Achives: Teaching English in Vietnam

teaching-english-in-vietnam

As the plane began it’s descent into Noi Bai Airport, Hanoi, my breathing was shallow and my palms sweaty. The ‘fasten your seatbelt’ sign lit up and I gulped. Loudly. No, I am not a nervous flyer. In fact, I quite enjoy flying. No… it was much more terrifying than that.

Making the decision to pack up and move to Vietnam in search of English Teaching work, without ever having actually visited the country (or Asia for that matter), was one of the most nerve-racking things I’ve ever done. Armed with my 150 hours of TEFL training and a copy of my degree certificate, I was hoping for the best… and preparing for the worst.

I had heard mixed reviews about Vietnam: the life threatening traffic, the barbaric practice of eating dog, the unhygienic food and questionable manners of the locals. I needn’t have worried. As true as a lot of this may be, I loved it as soon as I arrived.

Yes, Vietnam takes a little bit of adjusting to and there are certain things which I will never understand. This, however, is all part of its charm and if I could offer one piece of advice to anyone considering Vietnam as a TEFL location, it would be: do it!

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So, you want to teach English in Vietnam

I, Ondřej Žváček [GFDL (http://www.gnu.org/copyleft/fdl.html), CC-BY-SA-3.0 (http://creativecommons.org/licenses/by-sa/3.0/) or CC-BY-2.5 (http://creativecommons.org/licenses/by/2.5)], via Wikimedia Commons

The Vietnamese Government is very focused on improving the quality of English language teaching across the country. Unlike a number of countries in South-East Asia – Indonesia, the Philippines and Cambodia for example – the days of the ‘backpacker’ foreign English ‘teacher’ have largely finished in Vietnam with more hoops to jump through to be eligible to work.  Over the past year or so, there’s been a noticeable exodus of backpacker ‘teachers’.

With backpacker ‘teachers’ leaving in droves, there is huge demand for foreign English language teachers in Vietnam who meet the requirements to be eligible to work, laid-down by the government. Specifically, if you wish to legally work as an English language teacher in Vietnam for a period exceeding 3 months, you need to produce the following:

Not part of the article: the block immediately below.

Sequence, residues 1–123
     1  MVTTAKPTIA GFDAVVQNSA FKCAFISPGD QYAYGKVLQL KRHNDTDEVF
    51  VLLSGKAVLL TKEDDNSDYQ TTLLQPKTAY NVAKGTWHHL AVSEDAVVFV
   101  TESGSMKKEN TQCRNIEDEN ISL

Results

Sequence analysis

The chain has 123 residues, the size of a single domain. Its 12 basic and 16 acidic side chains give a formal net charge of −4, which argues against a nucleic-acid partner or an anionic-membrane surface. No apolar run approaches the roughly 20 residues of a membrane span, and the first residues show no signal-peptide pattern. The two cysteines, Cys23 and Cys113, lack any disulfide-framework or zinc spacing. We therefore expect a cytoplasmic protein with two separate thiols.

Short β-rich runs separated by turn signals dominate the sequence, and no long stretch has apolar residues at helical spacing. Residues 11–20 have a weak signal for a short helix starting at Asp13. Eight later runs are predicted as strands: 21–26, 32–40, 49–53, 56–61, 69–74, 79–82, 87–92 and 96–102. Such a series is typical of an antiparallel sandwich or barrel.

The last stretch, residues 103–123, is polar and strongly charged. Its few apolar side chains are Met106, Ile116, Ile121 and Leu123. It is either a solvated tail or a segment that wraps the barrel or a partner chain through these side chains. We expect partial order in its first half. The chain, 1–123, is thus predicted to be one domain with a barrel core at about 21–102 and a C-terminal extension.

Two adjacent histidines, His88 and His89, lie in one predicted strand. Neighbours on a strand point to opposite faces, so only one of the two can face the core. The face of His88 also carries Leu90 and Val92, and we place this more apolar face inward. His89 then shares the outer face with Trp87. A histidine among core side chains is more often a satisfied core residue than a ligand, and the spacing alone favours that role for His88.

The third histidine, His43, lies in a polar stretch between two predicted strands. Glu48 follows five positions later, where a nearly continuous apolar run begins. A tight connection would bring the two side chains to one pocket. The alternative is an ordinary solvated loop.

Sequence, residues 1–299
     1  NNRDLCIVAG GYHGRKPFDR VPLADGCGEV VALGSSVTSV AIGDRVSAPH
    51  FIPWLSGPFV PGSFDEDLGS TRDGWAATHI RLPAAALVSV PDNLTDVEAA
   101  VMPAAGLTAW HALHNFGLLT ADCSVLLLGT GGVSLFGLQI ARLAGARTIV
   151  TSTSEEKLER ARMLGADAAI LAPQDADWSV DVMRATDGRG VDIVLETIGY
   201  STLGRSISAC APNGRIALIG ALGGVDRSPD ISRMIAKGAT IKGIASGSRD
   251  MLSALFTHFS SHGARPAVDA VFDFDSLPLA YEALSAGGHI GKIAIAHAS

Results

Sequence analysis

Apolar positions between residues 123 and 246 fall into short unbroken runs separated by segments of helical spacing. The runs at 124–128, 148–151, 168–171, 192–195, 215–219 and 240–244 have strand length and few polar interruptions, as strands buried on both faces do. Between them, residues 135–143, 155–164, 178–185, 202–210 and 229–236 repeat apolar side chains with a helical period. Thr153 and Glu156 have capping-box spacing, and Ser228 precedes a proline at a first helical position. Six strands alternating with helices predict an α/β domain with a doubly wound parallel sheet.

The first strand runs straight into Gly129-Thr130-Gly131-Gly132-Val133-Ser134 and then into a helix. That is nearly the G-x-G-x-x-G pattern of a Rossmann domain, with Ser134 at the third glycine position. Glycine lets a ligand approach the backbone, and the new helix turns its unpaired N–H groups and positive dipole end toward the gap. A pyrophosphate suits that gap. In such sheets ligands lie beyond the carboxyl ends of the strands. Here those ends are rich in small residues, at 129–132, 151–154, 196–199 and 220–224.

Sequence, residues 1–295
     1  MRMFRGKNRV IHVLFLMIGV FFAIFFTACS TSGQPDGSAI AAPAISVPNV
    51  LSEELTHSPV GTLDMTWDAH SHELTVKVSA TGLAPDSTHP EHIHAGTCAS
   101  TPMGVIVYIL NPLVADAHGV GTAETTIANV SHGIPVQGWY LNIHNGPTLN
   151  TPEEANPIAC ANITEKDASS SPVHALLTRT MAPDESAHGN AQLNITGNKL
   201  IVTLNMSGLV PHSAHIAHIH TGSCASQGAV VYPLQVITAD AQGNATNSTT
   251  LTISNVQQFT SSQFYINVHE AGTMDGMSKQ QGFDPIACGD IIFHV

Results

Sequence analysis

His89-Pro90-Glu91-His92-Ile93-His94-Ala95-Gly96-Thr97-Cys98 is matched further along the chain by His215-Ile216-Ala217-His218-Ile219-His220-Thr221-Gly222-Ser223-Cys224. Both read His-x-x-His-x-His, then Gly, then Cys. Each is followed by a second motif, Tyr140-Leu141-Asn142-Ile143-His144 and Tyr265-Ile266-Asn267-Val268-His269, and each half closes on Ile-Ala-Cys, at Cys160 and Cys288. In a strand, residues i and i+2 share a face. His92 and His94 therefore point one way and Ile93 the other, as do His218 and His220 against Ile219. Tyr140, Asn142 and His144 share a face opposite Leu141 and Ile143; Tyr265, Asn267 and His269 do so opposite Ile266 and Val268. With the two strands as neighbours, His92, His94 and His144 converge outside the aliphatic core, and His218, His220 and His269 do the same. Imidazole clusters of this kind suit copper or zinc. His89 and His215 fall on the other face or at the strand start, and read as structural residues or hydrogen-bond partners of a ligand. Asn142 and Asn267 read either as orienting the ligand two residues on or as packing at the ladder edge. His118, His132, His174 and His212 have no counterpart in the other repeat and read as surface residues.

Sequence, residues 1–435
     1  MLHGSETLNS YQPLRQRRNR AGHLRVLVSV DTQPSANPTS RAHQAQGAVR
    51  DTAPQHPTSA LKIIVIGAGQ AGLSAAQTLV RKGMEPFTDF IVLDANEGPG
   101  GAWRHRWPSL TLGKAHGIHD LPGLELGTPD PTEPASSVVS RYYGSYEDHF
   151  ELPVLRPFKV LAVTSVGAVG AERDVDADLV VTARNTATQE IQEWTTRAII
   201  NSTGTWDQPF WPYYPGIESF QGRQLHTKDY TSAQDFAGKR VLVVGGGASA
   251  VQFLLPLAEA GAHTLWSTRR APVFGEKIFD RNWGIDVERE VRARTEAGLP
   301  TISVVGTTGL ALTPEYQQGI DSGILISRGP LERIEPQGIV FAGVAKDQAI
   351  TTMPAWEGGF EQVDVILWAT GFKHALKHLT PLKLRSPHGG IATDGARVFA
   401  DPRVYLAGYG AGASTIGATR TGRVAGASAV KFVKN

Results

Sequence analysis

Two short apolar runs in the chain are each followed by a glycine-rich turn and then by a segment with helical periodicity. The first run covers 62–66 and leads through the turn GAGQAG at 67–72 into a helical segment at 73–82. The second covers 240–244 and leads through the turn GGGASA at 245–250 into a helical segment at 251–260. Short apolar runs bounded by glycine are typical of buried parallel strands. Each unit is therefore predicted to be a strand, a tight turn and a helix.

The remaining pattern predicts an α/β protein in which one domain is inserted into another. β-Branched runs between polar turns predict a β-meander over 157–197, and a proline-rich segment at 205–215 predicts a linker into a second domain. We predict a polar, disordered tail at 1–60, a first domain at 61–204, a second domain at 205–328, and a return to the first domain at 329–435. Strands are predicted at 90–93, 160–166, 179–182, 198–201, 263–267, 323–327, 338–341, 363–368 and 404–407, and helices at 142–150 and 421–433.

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By: James Whiteman

Top 4 weekend escapes for TEFL ers teaching english in Vietnam

By Gilad Rom from Israel (China Beach) [CC-BY-2.0 (http://creativecommons.org/licenses/by/2.0)], via Wikimedia Commons

If you can bear to tear yourself away from Saigon or Hanoi’s bia hoi, delectable street food and always vibrant culture, for just a few days, you will find Vietnam has even more to offer. Here are a four of my personal favourite short breaks from my time there:

China Beach and Hoi An

There are few finer ways to escape Saigon’s heaving streets than a few days R&R on picture-postcard China Beach, a legendary former American GI hangout. Follow this by wondering around the charming pedestrianized streets of nearby Hoi An, a UNESCO World Heritage Site with wonderfully well preserved architecture. A tailored outfit or three may help you further unwind.

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By Daniel Cariello (BA Hons English Literature)

Teaching English in Vietnam – “Yes, I was in ‘Nam!”

By Petr Ruzicka from Prague, CZ (Treti Budha) [CC-BY-2.0 (http://creativecommons.org/licenses/by/2.0)], via Wikimedia Commons

Are you looking at teaching English in a foreign country but having trouble deciding between the myriad of choices? Are you interested in experiencing different cultures and learning about a country with a rich and interesting history? Then maybe Vietnam is the country for you. Vietnam is a country of contrasts; while the strong influence of it’s colonial past and it’s heritage are clearly visible, it’s main cities such as Hanoi and Ho Chi Minh are becoming increasingly urbanised and modern thus offering travellers the best of both worlds.

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